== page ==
iPhone 7 Home Button, if Damaged, Cannot Be Repaired and Requires Recalibration – Apple Limiting Options?

Omar Sohail
home button

Apple has been criticized incessantly for blocking 3rd-party repairs on its current-generation iPhone 7 and iPhone 7 Plus such as replacing the display. Now, according to a new experiment, the company has taken it to the next level. Using its software, Apple is taking extreme measures to make sure that the iPhone 7 becomes unrepairable and if you happen to damage one and it requires immediate replacement, it is mandatory that you take a trip to the nearest Apple Store.

Swapping the Existing Home Button With Another One Present on a Different iPhone 7 Handset Will Still Disable Touch ID – Apple Locking Out Repair Flexibility?

In a video compiled by Michael Oberdick, it is shown two iPhone 7 models with their displays damaged, prompting the replacements of their respective components. The only problem with this approach is that if the process is not carried out by a qualified Apple Store employee, Touch ID is going to be disabled on your phone. The person who has initiated the repair process narrates that even if you swap the damaged iPhone 7 home button with a brand new one taken from a different iPhone 7, the software will lock out Touch ID.

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This is happening because if you recall, the home button is not an actual button that functions mechanically. If delivers haptic feedback to the user to simulate a real button press (thus giving Apple more control over the software) and if you have accidentally damaged it, then you will have to take it down to the nearest Apple Store. This is where the home button is going to have to be recalibrated by a qualified Apple employee.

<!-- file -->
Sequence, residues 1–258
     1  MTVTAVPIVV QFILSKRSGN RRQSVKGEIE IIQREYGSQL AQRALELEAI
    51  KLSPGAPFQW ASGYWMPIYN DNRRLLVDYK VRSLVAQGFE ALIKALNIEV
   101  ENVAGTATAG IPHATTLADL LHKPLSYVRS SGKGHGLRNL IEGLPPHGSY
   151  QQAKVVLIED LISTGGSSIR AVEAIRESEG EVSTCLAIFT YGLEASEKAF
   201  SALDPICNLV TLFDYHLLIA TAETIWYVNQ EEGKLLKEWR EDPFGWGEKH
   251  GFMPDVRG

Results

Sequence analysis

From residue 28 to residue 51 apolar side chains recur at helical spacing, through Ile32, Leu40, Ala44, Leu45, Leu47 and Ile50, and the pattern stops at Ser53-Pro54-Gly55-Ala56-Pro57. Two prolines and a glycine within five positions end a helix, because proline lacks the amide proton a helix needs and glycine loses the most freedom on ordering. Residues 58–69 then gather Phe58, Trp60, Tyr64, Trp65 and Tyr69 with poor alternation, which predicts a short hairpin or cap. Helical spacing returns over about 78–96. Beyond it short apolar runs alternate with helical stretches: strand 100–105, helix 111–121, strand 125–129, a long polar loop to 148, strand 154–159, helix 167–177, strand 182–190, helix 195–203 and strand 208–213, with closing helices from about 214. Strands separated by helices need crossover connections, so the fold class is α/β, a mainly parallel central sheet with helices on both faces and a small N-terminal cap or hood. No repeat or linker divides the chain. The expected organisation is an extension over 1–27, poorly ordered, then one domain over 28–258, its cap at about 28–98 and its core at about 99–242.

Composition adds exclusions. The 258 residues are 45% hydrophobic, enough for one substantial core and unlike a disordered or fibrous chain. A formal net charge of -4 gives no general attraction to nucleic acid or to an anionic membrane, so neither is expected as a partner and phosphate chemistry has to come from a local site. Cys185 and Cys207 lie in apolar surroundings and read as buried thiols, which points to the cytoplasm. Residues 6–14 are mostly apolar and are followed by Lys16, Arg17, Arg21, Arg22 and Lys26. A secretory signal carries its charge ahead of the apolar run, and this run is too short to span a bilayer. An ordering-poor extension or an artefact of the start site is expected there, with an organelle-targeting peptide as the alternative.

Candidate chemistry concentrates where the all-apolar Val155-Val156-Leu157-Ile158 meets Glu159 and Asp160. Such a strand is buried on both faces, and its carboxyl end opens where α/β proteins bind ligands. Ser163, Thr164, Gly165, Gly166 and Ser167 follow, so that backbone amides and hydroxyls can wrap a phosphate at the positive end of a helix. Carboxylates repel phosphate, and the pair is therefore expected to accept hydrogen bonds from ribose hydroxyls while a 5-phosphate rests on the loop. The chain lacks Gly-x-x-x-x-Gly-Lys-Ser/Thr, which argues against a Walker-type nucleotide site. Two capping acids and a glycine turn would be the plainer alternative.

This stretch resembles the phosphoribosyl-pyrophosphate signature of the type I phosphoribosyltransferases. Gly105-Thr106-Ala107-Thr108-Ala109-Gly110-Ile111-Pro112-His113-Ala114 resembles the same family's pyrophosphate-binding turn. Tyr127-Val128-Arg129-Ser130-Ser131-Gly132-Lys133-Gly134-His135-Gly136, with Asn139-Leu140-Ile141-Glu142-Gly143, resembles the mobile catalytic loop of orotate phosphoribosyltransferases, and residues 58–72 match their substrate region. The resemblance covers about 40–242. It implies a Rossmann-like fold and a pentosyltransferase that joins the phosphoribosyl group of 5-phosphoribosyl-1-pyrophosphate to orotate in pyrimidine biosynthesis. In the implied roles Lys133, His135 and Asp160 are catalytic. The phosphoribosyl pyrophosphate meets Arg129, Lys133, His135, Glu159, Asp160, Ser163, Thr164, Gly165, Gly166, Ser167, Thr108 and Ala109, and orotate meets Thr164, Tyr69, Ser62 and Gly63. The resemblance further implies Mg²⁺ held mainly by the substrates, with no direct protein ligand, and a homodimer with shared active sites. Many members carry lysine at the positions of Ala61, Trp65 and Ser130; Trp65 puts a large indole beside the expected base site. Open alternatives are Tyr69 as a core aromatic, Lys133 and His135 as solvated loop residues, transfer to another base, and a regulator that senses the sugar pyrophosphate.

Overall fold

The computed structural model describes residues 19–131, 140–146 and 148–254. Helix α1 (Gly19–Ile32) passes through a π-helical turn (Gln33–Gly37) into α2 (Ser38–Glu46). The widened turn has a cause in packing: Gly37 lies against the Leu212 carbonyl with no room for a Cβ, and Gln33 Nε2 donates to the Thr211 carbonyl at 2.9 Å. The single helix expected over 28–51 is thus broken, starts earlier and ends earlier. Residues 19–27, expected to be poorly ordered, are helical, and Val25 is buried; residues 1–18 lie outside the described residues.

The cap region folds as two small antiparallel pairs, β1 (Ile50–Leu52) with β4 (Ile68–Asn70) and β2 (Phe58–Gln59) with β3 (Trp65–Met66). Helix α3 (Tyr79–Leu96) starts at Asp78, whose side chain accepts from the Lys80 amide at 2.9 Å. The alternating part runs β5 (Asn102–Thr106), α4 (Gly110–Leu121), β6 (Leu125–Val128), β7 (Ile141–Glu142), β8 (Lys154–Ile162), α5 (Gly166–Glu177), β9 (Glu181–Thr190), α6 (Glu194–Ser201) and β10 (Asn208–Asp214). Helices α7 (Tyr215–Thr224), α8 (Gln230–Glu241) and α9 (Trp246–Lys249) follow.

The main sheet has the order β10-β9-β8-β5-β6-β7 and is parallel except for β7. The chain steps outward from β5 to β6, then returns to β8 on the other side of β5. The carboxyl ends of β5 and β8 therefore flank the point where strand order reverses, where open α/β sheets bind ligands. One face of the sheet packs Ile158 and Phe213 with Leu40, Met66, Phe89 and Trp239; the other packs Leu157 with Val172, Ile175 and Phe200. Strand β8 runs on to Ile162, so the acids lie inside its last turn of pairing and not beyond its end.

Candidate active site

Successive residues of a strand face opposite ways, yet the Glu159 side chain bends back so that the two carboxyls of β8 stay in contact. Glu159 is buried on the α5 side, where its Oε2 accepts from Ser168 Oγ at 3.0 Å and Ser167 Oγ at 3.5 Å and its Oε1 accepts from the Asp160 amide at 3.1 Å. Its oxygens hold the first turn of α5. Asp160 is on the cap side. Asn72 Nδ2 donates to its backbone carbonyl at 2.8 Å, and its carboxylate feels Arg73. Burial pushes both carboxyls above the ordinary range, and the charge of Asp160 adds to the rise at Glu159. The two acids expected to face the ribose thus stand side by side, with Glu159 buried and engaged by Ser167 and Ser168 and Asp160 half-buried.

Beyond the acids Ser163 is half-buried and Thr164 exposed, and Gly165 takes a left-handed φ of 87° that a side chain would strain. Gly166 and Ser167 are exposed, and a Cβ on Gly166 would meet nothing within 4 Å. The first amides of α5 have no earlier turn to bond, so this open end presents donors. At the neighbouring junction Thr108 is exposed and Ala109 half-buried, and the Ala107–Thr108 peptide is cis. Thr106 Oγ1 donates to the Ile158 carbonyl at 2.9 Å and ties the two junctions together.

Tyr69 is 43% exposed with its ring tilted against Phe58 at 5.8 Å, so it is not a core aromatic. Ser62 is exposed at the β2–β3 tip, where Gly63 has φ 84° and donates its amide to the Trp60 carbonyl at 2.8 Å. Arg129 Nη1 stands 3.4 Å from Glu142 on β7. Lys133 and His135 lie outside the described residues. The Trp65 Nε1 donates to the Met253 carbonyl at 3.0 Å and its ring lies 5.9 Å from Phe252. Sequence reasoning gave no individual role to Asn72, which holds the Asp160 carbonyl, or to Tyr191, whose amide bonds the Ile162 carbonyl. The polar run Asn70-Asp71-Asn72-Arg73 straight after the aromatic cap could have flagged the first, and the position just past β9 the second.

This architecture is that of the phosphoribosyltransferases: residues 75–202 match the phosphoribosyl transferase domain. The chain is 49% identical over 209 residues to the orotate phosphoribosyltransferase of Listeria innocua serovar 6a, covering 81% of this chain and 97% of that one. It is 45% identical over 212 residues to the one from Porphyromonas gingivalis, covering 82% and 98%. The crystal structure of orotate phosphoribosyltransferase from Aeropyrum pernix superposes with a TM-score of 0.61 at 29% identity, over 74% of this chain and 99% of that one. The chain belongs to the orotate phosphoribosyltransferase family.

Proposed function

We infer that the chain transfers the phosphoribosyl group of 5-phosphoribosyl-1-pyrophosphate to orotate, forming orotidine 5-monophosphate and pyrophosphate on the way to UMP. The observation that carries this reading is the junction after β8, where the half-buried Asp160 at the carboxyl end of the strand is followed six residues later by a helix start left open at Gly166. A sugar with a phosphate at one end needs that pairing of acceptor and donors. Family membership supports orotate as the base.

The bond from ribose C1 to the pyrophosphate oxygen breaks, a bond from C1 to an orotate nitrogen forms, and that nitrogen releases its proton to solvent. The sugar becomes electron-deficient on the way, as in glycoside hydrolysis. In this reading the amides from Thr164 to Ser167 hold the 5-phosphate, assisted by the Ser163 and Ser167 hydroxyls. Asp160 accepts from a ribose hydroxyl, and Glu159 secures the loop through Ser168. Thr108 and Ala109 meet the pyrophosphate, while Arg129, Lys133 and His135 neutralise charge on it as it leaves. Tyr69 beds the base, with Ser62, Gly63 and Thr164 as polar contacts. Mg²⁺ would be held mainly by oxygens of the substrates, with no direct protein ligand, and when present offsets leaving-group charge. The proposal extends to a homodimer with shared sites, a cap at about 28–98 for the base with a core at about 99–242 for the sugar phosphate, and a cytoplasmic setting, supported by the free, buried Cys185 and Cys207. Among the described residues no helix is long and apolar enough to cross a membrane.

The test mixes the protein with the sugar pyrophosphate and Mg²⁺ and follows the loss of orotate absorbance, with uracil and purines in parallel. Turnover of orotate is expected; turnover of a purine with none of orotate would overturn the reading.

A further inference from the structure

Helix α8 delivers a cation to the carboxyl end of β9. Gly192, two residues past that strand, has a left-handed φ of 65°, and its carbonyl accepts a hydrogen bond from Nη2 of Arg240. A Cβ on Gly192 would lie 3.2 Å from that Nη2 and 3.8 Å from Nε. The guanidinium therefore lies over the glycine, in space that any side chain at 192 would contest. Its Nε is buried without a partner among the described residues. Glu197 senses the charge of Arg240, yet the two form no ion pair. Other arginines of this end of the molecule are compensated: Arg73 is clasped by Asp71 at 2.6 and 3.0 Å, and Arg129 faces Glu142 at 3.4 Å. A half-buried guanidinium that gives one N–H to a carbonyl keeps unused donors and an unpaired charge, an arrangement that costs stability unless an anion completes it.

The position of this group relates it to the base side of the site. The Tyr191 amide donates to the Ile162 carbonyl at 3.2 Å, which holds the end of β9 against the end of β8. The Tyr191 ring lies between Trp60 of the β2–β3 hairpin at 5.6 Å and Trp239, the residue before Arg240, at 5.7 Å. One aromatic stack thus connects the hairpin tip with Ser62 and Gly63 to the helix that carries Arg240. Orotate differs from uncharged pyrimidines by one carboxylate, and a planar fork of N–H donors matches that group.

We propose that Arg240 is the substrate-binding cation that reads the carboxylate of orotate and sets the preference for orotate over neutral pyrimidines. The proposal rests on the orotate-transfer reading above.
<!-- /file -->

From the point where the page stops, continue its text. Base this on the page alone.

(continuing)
In the company’s defense, it states that it wants dexterous and capable individuals carrying out the repair or replacement procedure, while some might argue that the tech giant is looking to limit options for the consumer to make a quick buck. Another example of this can be spoken off when talking about the removal of the headphone jack.

In this manner, Apple will be able to earn more royalties from 3rd-party manufacturers wanting to manufacturer Lightning headphones or earphones, which is a smart business decision, but it is not always convenient for the end-user.

What are your thoughts on Apple’s move to limit repairability options for users if their iPhone 7 home button gets damaged? Let us know your thoughts down in the comments.


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